Ecommerce in the shrinking world.

I heard on the news that the EU and the USA have started discussions on a free trade arrangement. Undoubtedly this will take several years to agree, but it’s a sign that the world is shrinking and international commerce is growing. Many Ecommerce websites are ahead of the game in international trade, and have been sending all around the world for several years. We’ve been doing it since 1997.

Unfortunately we’ve become so successful that we’ve been noticed. We sell licensed products. We only sell genuine merchandise supplied either direct from the manufacturer or an authorised distributor. Whilst our principal market is the UK, we’ve been expanding our international sales, especially in the united states. For some reason we could sell some of our product to customers in the USA cheaper than US retailers. Our market share is growing.

In the world before Ecommerce a licensor used to sell licences to producers and distributors based on land. Therefore a licensee (A) would have the license to distribute certain product in the united states, and another licensee (B) would have the license to distribute the product in britain. A retailer would purchase from their regional distributor and sell the product to customers.

The thing is that the internet doesn’t recognise territory. With companies like Amazon and Ebay actively encouraging UK retailers to record on and, and also encouraging US retailers to record on and, an increasing number of retailers will sell products outside their neighborhood distributor’s territory. When you have noticed the fun starts.

In theory, when a licensor grants a license to a distributor, the distributor is intended to include in their terms and conditions of sale that the retailer can’t sell the merchandise away from the distributor’s territory. In practice this might be illegal it the merchant is in the EU and the distributor is attempting to restrict the land to only a part of the EU. This practice could also become illegal if the EU/US free trade agreement comes into force. Further in the actual world, few vendors really put such conditions in their conditions of sale.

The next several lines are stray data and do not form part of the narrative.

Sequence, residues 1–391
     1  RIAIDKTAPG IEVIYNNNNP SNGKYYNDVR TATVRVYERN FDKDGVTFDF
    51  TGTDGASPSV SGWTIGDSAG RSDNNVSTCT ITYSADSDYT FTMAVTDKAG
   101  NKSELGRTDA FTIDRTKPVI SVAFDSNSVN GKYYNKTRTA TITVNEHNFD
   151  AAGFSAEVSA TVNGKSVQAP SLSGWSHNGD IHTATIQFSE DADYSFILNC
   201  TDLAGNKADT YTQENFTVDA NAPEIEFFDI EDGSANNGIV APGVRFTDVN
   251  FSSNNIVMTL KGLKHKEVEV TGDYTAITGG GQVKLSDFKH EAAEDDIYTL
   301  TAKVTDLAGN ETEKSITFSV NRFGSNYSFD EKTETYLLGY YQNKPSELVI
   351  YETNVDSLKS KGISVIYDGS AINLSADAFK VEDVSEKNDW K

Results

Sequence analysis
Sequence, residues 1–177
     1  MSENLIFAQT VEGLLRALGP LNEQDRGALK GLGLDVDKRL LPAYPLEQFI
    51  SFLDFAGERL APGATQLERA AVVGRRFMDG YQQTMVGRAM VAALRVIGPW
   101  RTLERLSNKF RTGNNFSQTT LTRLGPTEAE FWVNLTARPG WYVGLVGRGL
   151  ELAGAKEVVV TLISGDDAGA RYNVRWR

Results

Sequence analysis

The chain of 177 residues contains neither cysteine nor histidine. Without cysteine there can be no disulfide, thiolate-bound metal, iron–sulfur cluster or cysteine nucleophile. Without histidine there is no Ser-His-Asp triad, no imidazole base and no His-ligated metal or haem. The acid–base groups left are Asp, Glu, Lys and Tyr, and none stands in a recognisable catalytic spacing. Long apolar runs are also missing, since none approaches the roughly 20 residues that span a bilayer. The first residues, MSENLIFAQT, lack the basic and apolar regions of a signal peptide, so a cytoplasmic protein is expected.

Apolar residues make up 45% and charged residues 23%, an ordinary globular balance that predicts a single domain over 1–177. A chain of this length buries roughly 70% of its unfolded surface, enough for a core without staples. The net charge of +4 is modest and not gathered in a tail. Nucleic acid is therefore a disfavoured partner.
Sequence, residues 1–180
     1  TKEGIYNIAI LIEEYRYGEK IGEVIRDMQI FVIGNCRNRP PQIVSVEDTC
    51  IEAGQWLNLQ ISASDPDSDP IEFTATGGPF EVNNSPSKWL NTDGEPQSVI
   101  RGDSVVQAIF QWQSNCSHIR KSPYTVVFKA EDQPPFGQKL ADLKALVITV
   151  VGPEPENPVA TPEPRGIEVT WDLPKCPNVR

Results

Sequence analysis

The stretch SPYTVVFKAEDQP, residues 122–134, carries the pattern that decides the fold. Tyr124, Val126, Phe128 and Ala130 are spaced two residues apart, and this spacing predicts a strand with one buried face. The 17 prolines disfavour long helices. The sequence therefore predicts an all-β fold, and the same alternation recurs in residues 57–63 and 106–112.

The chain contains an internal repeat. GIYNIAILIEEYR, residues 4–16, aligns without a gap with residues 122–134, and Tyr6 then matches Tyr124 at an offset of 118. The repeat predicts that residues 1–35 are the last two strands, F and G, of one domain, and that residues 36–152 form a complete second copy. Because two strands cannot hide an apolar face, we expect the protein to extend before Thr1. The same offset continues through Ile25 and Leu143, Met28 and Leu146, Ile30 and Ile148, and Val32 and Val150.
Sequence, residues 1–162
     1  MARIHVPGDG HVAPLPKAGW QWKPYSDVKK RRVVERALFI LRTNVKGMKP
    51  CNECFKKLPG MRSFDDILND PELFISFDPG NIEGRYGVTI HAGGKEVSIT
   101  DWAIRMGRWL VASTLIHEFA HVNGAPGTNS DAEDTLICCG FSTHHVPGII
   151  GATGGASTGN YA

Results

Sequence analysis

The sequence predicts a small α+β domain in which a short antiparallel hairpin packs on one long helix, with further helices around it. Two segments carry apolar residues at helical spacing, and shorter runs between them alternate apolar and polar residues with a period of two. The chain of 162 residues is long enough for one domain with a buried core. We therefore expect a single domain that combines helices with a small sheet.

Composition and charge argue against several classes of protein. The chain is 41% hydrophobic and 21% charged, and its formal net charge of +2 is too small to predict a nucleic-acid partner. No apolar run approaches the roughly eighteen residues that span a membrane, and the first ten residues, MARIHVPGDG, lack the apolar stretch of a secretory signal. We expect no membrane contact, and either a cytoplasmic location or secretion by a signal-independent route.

In the actual world therefore when a merchant sells outside the land of the distributor, that other land’s distributor will rightly become annoyed. Since we’re probably talking million dollar firms here, their annoyance is very likely to lead to them threatening legal action. But who do they threaten?

Their first instinct is to go after the bad Ecommerce retailer who has likely never been told not to market internationally. Indeed who might have been selling internationally for decades, but have only just been noticed, or the land license agreements might have just recently been agreed. The retailer is simply hoping to expand in the web and hasn’t put any territorial limitations on any of the sales. Why would you limit your earnings unless forced?

Using bullying tactics this original approach could well succeed with many retailers. There is however no reason why it should succeed. There’s no contract and no association between the merchant and the overseas distributor. No basis for any court case. What the distributor ought to do is demand that the Licensor deal with it. After all it’s the Licensor who has sold and allocated lands and thus should shield them. The Licensor should require their territorial vendors to modify their terms of sale to limit retailers ahead sales, and therefore the distributors can then block the merchant from selling internationally.

Licensors however are reluctant to get involved. They don’t like the notion of poor marketing, they don’t like the thought of restricting sales. They would much rather that their license is widely advertised and simple for customers to obtain.

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The retailers in the bottom of the chain do what they know best. Selling their merchandise to customers. As Ecommerce expands and a growing number of retailers market on Amazon and Ebay, using all of the market places as encouraged by Amazon and Ebay, these territory disputes will rise. Sooner or latter the Licensors will realise that the world is international, and it’s not sensible to try to restrict a merchant to a single nation. Finally, if common sense prevails, retailers will be permitted to sell their product to whatever clients the can find, where-ever they are. Right now, the Licensors are copying King Canute, and attempting to block the change of tide.